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Cost-effectiveness of parent-training intervention for managing sleep problems in children with neurodevelopment disorders

Onivefu Odelade, London School of Economics

Research objective 

The central objective which my proposed research topic aims to achieve is to analyse the cost-effectiveness (or possibly the cost-utility) of parent-training interventions (alone or combined with melatonin) for managing sleep problems in children with neurodevelopmental disorders compared to treatment with melatonin.   

Through this research, I am hoping to answer the following questions: 

  • Are parent-training interventions (alone or in combination with melatonin) for managing sleep problems in children with neurodevelopmental disorders cost effective?  Is this intervention more cost effective than the current common practice of treating with melatonin? 
  • In order to provide a broader context to make judgements about the value for money, what incremental costs to gain an extra quality-adjusted-life-year (QALY) are associated with parent-training interventions (alone or in combination with melatonin) for managing sleep problems in children with neurodevelopmental disorders compared to treating with melatonin? 
  • What form of parent training intervention is reported to be the most clinically effective in managing sleep problems in children with neurodevelopmental disorders? 
  • Is health economic modelling useful in Clinical Commissioning Groups’ medicines optimisation and commissioning decision making / priority setting process?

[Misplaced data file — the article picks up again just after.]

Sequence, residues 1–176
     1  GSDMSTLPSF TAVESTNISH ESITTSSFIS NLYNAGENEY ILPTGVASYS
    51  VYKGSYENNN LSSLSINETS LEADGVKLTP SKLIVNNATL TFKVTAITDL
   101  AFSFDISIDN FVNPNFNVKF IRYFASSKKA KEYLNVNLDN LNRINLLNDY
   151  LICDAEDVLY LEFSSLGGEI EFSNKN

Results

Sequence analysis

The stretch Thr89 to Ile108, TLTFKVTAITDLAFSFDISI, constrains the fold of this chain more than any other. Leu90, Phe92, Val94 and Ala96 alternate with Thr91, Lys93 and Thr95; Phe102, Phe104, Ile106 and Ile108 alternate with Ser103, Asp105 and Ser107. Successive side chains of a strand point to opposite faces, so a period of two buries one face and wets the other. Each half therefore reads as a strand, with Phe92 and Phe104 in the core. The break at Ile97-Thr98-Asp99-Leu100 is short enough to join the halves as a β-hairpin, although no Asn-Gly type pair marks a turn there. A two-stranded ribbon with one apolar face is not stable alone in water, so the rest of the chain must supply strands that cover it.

The dissertation proposal was approved in February 2018 by the University, further refining of the project will begin shortly.   

Sources of data and methods to be used in the research 

  • Study design:  Cost effectiveness / cost utility modelling either using decision tree or using a Markov model.   Economic costs and effects will be calculated from the perspective of the payer.    
  • Comparators: Parent-training intervention programme (alone or in combination with melatonin) vs melatonin only. 
  • Health condition specific data: Prevalence of sleep disorders in children with neurodevelopmental disorders, transition states will be obtained via NHS data sets and/or evidence from previous studies.  
  • Effectiveness: Effectiveness data will be obtained from relevant studies to estimate sleep improvement (e.g. time taken to fall asleep, time spent sleeping), years of life gained and quality of life years gained. 
  • Costs: Costs related to parent training interventions such as staff costs, service costs, will be obtained via NHS data sets, other studies, interviews with key commissioners and/or providers.  Prescribing costs of melatonin in England will be obtained via ePACT prescribing database.     
  • Uncertain variables will be subjected to sensitivity analysis.   
  • A literature review will be undertaken to determine the design of parent training intervention with the most clinical evidence supporting its use, its associated costs and effectiveness.

The project ran from August 2017 to August 2018.

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